"The Jim Whisperer"

Harry Reid, the man most responsible for guiding Sen. Jim Jeffords to a new political identity, has a long history with party-switching.

Published May 26, 2001 9:54PM (EDT)

There are many reasons for Vermont Sen. James Jeffords' Thursday transmogrification from Republican to Democrat-supporting independent: his liberal views on abortion and gay rights, education and the environment; the alienating tactics of President Bush and his political operatives.

And then there was the low-key assistant Democratic leader from Nevada whom one Democratic leadership aide referred to as "the Jim Whisperer." Sen. Harry Reid, after all, was the man who lobbied Jeffords for weeks, reassuring the Republican senator through the most dramatic party jump in recent memory.

Reid worked his magic on Jeffords with lots of assistance from Senate Democratic Leader Tom Daschle, D-S.D., who sealed the deal when Jeffords was ready, as well as others from the Democratic Senate caucus, like Sen. Chris Dodd, D-Conn. But plugging along for weeks, talking to Jeffords on the phone and the floor of the Senate, making him feel at ease among the Democrats, pushing him, prodding him, was the Jim Whisperer. And when no other Democrat would offer up a committee chairmanship to Jeffords should he leave the Republicans, it was Reid who gave up what would have been a job helming the Environment and Public Works Committee.

Reid, in the words of Nevada political observer Jon Ralston, is "the best and most ruthless deal-maker Nevada has ever seen." Any account of Reid's podunk-to-power life would include lots of mentions of "grit" and "pluck," though even those close to him acknowledge, one after the other, that he can also be aptly described as "ruthless."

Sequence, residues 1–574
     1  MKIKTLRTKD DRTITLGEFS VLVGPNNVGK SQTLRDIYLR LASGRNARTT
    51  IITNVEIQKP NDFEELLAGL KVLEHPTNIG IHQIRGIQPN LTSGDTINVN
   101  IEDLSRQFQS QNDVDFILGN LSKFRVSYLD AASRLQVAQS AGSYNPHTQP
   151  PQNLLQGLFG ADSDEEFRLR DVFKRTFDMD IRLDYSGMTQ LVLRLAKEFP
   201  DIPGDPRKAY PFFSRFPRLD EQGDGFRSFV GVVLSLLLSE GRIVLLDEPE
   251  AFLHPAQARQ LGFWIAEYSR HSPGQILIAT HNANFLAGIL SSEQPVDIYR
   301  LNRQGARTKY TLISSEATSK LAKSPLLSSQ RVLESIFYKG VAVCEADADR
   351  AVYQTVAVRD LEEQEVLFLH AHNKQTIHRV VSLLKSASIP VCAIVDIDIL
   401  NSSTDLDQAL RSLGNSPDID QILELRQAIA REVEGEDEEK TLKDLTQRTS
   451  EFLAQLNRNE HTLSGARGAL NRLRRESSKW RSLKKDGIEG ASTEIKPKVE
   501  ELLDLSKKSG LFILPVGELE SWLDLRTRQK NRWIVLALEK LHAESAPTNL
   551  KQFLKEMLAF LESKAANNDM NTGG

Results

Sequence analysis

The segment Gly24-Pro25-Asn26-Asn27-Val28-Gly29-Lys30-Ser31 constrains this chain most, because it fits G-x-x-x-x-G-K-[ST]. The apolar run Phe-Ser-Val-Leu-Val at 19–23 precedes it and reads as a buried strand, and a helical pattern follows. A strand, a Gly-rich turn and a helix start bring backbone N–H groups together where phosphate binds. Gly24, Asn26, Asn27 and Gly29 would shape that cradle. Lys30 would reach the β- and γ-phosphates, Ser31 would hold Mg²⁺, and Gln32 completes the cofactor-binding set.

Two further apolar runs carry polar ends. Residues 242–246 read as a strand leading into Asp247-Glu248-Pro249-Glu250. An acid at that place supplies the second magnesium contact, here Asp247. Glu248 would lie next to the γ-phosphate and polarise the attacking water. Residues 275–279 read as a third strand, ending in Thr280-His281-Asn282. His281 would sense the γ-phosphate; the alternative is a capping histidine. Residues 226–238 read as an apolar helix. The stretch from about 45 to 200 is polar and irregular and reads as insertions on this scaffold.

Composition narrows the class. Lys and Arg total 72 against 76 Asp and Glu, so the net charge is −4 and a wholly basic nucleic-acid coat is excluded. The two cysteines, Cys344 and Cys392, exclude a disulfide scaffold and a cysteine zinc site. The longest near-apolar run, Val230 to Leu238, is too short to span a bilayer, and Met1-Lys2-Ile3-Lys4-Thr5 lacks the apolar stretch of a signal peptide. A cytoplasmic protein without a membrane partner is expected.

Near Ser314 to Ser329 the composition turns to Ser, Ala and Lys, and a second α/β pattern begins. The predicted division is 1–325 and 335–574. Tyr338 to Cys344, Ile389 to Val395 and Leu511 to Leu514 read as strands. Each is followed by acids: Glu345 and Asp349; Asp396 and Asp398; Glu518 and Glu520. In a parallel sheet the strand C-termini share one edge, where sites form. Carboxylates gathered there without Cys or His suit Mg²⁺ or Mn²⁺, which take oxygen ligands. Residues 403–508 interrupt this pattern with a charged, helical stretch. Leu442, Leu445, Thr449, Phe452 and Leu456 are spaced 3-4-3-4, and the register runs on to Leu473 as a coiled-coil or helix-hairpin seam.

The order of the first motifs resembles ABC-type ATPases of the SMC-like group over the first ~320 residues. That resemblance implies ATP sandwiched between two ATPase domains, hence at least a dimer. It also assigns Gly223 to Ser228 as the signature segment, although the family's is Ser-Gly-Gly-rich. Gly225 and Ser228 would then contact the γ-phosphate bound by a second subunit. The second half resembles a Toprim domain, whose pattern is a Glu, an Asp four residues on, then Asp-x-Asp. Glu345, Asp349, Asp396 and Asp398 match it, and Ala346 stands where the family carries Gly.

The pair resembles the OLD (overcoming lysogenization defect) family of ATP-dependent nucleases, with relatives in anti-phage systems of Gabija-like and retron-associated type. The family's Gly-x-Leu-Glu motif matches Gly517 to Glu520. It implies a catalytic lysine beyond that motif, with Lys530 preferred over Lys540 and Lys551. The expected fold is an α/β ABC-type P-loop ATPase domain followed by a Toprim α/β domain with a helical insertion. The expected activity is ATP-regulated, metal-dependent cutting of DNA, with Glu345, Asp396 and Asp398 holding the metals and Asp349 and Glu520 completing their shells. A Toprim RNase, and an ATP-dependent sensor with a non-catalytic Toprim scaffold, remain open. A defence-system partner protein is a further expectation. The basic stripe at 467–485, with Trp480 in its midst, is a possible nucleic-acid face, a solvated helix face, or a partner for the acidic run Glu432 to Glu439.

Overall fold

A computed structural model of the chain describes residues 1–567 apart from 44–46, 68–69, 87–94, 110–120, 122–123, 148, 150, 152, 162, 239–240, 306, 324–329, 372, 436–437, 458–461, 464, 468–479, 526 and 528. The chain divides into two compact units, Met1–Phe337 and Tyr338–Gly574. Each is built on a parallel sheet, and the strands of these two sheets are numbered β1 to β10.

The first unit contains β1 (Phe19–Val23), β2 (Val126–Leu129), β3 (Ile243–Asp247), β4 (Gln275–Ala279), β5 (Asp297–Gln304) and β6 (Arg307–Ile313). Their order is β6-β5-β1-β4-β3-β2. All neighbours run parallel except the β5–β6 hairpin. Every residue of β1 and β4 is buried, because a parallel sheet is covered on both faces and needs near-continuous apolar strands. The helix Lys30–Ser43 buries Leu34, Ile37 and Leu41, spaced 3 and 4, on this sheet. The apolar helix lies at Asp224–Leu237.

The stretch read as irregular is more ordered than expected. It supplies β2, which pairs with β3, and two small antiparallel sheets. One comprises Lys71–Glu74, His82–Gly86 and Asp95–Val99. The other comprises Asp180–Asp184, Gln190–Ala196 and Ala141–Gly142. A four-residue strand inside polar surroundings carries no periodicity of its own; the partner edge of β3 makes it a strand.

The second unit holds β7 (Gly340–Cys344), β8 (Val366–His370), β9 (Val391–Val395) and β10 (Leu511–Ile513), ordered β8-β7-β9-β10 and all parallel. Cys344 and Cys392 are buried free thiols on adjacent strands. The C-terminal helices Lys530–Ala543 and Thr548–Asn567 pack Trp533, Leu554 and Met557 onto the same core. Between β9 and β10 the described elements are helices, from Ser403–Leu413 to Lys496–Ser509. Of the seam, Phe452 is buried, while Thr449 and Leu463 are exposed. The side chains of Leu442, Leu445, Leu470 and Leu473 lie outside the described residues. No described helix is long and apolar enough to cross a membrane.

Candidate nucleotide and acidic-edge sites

That trait seems to come in particularly handy when the matter at hand is party-switching. Jeffords, for instance, isn't the first Republican Reid has helped talk into switching parties. Paradoxically, Reid won his 1986 Senate seat in no small part by slamming his Democrat-turned-Republican opponent for that very action, painting him as an opportunist with no party allegiance.

"His quiet demeanor and unflamboyant style disguises an amazingly determined politician," says Jim Mulhall, a Nevada Democratic political consultant.

All of it comes packaged in a quiet and laconic man, self-effacing and averse to media attention (and awkward before the press). "I'm not very good at talking about myself," Reid says in a Thursday interview. "I am who I am, and that's who I've always been, and I'm not going to change."